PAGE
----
The College Pump
Three worthy books full of Harvard references have arrived on the shelf. The Naked Quaker: True Crimes and Controversies from the Courts of Colonial New England (Commonwealth Editions) is by Diane Rapaport, a lawyer and columnist for the New England Historic Genealogical Society. The lascivious behavior of Harvard students arises quickly in her book. In 1660 witnesses spotted in a Harvard dormitory, and reported to the law, a girl sitting on a boy’s lap. The judiciary was shocked, shocked.
Rapaport reports the appearance in 1677 of an early Bad Influence, one Onesephorus Stanley, a nonstudent, who fetched hard cider into College rooms and was heard swearing therein. Under questioning by Cambridge magistrate Thomas Danforth, Stanley disclosed the names of two “drinking and carousing” students: Urian and Laurence Oakes. These were sons of the College president. Danforth dropped the Harvard investigation, but he kept his eye on Stanley, whom he later threatened with jail and convicted of many offenses, among them “being a night walker… of…dissolute behaviour” and “drawing ye students from their studies….”
Danforth went on to serve as a judge at the Salem witchcraft trials in 1692, where he and his fellow justices condemned 20 people to death. Samuel Sewall, A.B. 1671, famously, was the only one of the nine judges to repent, which he did in 1697.
“He experienced spiritual relief within a week,” writes Eve LaPlante, Ed.M. ’92, in Salem Witch Judge: The Life and Repentance of Samuel Sewall (HarperOne). “On the night of January 26, while the new court met at Charlestown, he lodged in the Charlestown house of Anne Tyng Shepard. Mistress Shepard mentioned to Samuel that John Harvard had built and lived in her house….
“That night in bed…Samuel lay awake for hours. He was struck by ‘how long ago God made provision for my comfortable lodging this night, seeing this is Mr. Harvard’s house.’ This led him to meditate on Heaven, ‘the house not made with hands, which God for many thousands of years has stored with the richest furniture: saints that are from time to time placed there.’ It occurred to Samuel that he might now ‘have some hopes of being entertained in this magnificent, convenient palace, every way fitted and furnished.’…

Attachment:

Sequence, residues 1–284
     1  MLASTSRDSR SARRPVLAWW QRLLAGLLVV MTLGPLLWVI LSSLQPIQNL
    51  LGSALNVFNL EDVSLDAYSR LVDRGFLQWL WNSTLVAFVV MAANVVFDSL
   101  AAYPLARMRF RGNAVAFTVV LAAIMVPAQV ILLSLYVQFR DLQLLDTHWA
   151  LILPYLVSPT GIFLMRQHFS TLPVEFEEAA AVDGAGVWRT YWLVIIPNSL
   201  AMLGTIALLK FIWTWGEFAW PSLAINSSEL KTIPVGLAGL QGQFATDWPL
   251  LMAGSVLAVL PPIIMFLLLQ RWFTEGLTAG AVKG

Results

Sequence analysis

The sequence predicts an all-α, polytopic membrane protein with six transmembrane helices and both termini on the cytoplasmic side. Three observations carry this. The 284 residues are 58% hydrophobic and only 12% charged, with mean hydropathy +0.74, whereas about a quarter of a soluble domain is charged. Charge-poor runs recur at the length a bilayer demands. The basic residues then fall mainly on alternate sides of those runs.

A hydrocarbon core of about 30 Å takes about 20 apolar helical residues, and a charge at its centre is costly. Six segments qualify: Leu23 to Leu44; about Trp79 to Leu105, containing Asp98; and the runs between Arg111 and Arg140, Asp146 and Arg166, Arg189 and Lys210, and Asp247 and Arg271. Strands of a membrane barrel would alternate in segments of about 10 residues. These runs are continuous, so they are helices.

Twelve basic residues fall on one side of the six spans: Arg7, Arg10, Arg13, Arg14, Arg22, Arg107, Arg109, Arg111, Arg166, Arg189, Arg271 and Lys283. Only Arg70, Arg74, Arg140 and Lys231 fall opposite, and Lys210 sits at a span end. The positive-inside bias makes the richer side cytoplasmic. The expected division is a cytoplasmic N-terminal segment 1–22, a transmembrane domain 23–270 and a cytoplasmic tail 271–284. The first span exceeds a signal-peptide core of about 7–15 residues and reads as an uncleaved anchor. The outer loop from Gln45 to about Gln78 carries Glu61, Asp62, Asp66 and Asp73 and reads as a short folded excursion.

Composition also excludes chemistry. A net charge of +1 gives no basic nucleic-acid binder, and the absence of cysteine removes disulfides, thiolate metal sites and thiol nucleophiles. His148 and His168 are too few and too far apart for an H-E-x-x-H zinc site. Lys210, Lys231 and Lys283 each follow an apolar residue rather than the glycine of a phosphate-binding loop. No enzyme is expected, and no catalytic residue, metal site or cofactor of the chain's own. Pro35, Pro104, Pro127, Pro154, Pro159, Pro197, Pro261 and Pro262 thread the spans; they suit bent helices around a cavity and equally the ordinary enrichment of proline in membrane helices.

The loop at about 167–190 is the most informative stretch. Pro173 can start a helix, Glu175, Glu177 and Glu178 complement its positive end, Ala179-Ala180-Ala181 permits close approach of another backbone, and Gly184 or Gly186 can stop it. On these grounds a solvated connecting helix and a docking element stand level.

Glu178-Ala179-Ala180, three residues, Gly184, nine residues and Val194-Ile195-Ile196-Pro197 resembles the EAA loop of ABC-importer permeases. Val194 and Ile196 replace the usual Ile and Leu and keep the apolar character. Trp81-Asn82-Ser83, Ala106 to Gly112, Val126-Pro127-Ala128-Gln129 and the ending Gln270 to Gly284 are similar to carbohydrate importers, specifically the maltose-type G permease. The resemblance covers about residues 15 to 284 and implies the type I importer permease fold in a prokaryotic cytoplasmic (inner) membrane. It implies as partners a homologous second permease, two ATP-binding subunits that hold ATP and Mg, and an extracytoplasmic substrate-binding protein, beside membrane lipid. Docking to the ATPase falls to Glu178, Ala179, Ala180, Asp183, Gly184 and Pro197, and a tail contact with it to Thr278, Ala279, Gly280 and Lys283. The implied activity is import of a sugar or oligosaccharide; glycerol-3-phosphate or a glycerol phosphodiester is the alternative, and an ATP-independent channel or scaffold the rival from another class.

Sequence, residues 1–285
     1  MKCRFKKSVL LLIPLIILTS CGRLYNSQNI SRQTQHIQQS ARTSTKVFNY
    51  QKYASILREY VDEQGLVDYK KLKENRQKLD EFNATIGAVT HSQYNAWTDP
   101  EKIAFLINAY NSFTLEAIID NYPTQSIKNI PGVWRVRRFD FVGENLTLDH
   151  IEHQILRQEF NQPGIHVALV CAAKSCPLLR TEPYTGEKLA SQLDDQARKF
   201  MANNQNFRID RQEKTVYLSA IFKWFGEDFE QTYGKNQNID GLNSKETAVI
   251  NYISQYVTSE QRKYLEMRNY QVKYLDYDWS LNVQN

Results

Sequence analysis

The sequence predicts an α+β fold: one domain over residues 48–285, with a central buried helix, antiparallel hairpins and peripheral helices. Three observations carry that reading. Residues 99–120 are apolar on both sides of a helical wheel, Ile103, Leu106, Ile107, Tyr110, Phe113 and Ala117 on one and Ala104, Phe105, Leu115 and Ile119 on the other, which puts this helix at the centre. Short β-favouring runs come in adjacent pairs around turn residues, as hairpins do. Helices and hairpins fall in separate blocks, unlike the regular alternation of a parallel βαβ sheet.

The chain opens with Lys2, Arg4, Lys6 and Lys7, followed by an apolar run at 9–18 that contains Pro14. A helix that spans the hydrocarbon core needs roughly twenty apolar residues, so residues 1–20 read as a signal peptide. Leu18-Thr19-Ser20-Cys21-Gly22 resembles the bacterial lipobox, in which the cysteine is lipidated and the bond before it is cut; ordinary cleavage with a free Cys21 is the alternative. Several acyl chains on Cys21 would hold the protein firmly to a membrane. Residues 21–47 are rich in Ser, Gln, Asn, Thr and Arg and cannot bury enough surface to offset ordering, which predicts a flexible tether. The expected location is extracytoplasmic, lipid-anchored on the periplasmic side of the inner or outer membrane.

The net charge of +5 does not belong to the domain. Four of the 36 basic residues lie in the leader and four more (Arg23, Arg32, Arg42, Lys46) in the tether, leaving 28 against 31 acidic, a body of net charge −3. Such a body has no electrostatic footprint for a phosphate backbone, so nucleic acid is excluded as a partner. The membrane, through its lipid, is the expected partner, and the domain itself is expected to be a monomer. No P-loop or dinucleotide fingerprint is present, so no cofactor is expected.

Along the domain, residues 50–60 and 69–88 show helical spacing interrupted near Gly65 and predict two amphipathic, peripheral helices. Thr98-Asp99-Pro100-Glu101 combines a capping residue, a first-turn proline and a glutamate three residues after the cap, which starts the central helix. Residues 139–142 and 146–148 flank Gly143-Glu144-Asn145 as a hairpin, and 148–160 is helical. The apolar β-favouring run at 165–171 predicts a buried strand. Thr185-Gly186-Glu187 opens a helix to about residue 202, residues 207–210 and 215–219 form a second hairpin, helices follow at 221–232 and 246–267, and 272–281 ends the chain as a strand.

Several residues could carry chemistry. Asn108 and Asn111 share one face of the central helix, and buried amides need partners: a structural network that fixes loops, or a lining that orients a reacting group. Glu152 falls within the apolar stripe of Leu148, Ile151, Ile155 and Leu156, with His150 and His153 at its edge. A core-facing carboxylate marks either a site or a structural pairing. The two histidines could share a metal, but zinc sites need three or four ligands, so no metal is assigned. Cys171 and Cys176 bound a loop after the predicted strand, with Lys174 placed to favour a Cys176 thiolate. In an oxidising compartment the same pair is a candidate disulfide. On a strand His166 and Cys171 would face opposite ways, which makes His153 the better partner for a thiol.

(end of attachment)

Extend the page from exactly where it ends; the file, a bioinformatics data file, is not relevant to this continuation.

“Around this time…Samuel began wearing a hairshirt,” according to LaPlante. She is Sewall’s sixth-great-granddaughter and credits a great aunt for this sartorial intelligence.
Editor Daphne Abeel ’59 has skillfully marshaled 19 contributors of essays on Cambridge politics, activism, town-gown relations, folk music, architecture, immigrants, and much else in A City’s Life and Times: Cambridge in the Twentieth Century (Cambridge Historical Society), an engaging history. One of them is Michael Kenney ’57, a retired Boston Globe reporter, who chronicles literary Cambridge.
He quotes the poet and music critic Lloyd Schwartz, Ph.D. ’76, on poet Robert Lowell ’39, who taught creative writing at Harvard from 1963 to 1977, with some interruptions. “Once, after lunch, I walked with him back into Harvard Square. He wanted an ice cream at Bailey’s, where I ordered a vanilla malt with an egg in it (a Bailey’s specialty). He’d never heard of putting an egg in a milk shake and had to try one too. He was so excited, he wanted to take a long walk, and we strolled all the way up Brattle Street to Sparks Street and back. It was, I think, the longest time I’d ever spent alone with him.”
The literary lions have vanished, mostly. So has Bailey’s. Primus attests that the Square was a far richer place when it had malted milks with raw eggs whipped up in them.